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James Bond Movies In Chronological Order

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Last Updated: 05 November 2020

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The James Bond franchise has captivated audiences for nearly six decades, producing 24 films since 1962s Dr. No. Base on books by Ian Fleming, MI6 Agent was inspired by Flemings Time in the British Naval Intelligence Division while serving in World War II. There are 40 officially licensed Bond books written by six different authors, but Flemings ' original 14 books found an entire Spy-fill universe that has stood the test of Time. The order of 007 films does not follow the correct order of Flemings novels. Casino Royale was written by Fleming in 1953, followed by Live and Let Die and Moonraker. Dr. No was first in line to actually be film, however, due in large part to budgeting reasons. Hollywood executives saw character as too British and scandalous, so money do not come easy. Plus, Fleming had sold the movie rights Of Casino Royale to producer Gregory Ratoff in 1955. Eon Productions, run by Albert Cubby Broccoli and Harry Saltzman, purchased rights to the entire James Bond story From Fleming in 1961, and with Casino Royale not included in that sale, two had to settle for Dr. No. Dr. No was not origin story, but was the perfect film to kick off the franchise by establishing two very key Bond tropes: stunning and beautiful Bond Girl, and a villain with a strange name. Two Bond films are considered non-Eon films, having been produced by studios other than Eon. Casino Royale was first in 1967, starring David Niven in what was considered the ultimate Spy spoof produced by Columbia Pictures. Second was Never Say Never Again in 1983 in Battle Of Bonds. Broccoli and Saltzman wanted Thunderball to be the first Bond film, but due to a legal dispute between Fleming and producer Kevin McClory, that film was not an option to start a franchise. McClory was awarded screenplays he and Fleming co-write because of a plagiarism suit filed against Fleming. McClory assembled a team to produce a new script based on Thunderball and convinced Sean Connery to reprise the role and compete against Roger Moore, Broccoli, and Octopussy. As a film released by someone other than Eon Productions, Never Say Never Again isn't Bond film in the conventional sense. Heres list of every James Bond film so far, including this year's No Time To Die, in chronological order: Dr.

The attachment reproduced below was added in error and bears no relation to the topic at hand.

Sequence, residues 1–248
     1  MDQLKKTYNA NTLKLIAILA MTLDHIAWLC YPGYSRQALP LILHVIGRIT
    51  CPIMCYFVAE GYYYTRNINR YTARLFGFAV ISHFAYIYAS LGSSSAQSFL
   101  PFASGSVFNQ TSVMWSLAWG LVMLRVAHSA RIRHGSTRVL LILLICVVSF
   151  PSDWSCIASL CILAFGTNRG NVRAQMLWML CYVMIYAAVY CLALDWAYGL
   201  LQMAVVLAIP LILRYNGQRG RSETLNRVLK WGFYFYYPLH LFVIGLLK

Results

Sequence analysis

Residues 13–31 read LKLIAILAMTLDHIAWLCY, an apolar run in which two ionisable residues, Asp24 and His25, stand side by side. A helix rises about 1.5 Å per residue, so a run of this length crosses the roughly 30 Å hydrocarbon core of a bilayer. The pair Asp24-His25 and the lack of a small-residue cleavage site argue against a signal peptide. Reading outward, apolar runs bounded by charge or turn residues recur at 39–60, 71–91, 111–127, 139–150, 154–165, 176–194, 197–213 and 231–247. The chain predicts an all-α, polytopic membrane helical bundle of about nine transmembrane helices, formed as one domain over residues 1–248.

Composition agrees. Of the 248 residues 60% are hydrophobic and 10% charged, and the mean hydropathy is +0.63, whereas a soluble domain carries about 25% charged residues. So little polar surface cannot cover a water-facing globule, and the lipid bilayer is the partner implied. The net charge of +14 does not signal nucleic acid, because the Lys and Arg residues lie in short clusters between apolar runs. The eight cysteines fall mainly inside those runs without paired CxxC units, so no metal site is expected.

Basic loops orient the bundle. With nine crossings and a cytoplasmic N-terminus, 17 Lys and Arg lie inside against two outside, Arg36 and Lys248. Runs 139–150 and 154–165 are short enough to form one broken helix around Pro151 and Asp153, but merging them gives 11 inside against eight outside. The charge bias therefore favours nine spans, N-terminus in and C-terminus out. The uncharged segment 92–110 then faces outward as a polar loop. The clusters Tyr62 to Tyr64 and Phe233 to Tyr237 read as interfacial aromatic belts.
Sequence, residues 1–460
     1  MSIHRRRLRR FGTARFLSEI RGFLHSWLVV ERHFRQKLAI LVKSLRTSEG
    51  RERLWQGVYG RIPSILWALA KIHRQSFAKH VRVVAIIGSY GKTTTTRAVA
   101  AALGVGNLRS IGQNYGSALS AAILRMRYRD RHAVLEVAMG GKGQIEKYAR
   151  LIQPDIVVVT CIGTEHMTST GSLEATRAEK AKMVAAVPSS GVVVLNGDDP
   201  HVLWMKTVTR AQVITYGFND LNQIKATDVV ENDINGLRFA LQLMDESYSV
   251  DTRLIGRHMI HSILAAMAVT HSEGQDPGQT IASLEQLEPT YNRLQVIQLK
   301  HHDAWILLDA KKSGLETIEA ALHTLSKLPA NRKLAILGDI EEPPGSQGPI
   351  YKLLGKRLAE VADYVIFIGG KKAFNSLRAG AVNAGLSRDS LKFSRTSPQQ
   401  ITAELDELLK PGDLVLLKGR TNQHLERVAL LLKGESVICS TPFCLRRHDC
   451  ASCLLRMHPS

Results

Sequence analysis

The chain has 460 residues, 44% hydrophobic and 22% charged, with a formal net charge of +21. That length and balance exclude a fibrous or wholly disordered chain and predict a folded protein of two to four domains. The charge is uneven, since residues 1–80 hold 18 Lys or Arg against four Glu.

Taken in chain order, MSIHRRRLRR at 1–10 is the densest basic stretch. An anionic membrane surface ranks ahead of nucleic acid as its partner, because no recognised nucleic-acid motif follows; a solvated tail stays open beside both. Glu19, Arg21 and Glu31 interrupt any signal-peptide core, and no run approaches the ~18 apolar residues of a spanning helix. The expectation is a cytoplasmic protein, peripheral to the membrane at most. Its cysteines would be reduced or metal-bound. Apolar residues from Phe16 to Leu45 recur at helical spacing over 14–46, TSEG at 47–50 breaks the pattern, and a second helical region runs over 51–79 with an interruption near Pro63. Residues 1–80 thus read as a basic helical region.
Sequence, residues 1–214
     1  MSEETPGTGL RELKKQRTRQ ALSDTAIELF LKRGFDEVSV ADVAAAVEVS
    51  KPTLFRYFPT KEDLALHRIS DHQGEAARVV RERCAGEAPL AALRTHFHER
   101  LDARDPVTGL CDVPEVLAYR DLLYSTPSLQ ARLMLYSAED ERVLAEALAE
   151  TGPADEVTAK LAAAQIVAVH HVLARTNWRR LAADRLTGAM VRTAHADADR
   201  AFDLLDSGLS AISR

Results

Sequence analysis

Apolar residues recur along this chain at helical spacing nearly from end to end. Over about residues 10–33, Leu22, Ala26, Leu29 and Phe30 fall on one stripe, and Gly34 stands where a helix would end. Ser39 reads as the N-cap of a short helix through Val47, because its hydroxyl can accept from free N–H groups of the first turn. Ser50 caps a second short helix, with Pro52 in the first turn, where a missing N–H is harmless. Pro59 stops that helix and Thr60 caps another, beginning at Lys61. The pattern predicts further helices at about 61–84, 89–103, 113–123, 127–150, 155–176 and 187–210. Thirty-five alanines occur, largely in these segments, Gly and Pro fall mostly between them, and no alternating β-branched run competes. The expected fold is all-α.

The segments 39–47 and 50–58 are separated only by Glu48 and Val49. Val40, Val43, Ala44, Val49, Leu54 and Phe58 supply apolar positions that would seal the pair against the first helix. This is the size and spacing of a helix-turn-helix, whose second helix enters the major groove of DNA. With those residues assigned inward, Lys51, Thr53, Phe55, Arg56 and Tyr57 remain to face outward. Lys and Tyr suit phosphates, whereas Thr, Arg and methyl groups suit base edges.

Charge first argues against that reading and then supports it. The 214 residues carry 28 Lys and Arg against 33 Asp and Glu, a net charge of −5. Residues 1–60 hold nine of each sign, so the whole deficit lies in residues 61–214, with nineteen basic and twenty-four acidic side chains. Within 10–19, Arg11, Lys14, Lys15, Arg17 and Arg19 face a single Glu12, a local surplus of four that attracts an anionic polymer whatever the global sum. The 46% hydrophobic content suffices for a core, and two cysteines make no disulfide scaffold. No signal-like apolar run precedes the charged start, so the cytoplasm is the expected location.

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Bonus: 'Unofficial' James Bond movies